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Hagerstown BMX racers love the jumps and don't really mind the crashes

Hagerstown BMX racers love the jumps and don't really mind the crashes

June 21, 2005|by JULIE E. GREENE

The ka-klank of the gate dropping is like a starter's pistol.

There is little point in looking back for the competition because the action is in front.

Dirt hill after dirt hill, then an asphalt-covered turn whipping into another series of dirt hills.

Each dirt hill equals air time - perhaps as high as 4 or 5 feet.

"I like that you can actually feel like you're flying," said Ryan Hullinger, 14, owner of a new BMX bike with custom rims.

Ryan broke his collarbone twice within four weeks last year - both times rolling on his front wheel and flipping over.


"I didn't mind the pain," said Ryan, of Hagerstown.

Ryan was one of about 20 teens to race BMX bikes Sunday, June 12, at Fairgrounds Park in

Hagerstown. The track hosts races on occasional Sundays from May through October with racers ranging in age from 6 to 45, according to and track volunteer Diane Fulk.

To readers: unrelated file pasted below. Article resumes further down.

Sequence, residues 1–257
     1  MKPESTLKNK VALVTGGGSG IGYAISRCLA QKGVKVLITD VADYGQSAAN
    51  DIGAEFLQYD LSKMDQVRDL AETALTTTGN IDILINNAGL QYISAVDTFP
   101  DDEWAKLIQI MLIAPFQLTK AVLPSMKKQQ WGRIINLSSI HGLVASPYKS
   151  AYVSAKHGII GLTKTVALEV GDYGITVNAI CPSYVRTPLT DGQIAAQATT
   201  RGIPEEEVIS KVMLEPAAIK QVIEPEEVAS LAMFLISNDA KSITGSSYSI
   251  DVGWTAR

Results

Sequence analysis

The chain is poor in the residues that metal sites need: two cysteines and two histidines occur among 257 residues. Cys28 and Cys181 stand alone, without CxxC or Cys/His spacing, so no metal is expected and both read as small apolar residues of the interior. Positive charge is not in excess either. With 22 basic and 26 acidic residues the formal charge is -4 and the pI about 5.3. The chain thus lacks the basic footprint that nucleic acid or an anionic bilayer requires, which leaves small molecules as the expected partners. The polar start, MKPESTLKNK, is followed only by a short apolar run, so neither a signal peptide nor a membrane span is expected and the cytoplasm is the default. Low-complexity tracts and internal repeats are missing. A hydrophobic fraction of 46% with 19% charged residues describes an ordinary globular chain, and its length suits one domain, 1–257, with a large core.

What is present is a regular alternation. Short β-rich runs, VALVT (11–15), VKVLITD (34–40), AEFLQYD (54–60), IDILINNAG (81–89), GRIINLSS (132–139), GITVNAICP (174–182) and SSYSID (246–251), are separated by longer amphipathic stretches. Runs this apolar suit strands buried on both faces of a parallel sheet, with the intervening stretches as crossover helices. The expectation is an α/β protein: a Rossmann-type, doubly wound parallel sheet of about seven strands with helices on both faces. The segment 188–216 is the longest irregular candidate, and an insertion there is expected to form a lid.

Dressed in racing colors mixing black with brights, competitors stand on their pedals, pumping furiously up a myriad of dirt hills and around the smooth turns as they weave around the track trying to stay on their bikes and win races that might last about 30 seconds.

On June 12 Ryan won a novice race, just beating out his friend Josh "Apple Cider" Appenzellar.

"Everybody gets a nickname after a while," said Josh, 13, of Fairplay.

Exhausted at the end, racers drink fluids, chat about the race with anyone who will listen and wait for their next race to start.

Philip Schukraft got into BMX racing about five years ago after he went into a bike shop to check the equipment and learned about the track and races.

Schukraft, 15, of Hagerstown, loves the big adrenaline rush he gets racing.

"I just like to race," said Storm Mozingo, 14, of Clear Spring.

Matthew "Hazmat" Everhart, 17, of Waynesboro, Pa., likes "the winning," but doesn't experience much of that anymore.

"I wreck too much nowadays," Matthew said.

Matthew says he's never broken a bone, his falls have left scars, such as the slash on his back from falling in a hole at a construction site when he was "ramping" or trail riding.

Ryan's injuries are atypical for riders at the local track, said Fulk, his mother.

"It is a sport just like any other sport. You can get hurt," Fulk said.

"It's his passion. We've done all the different sports and this was one - the first time he went out, this was it," she said.

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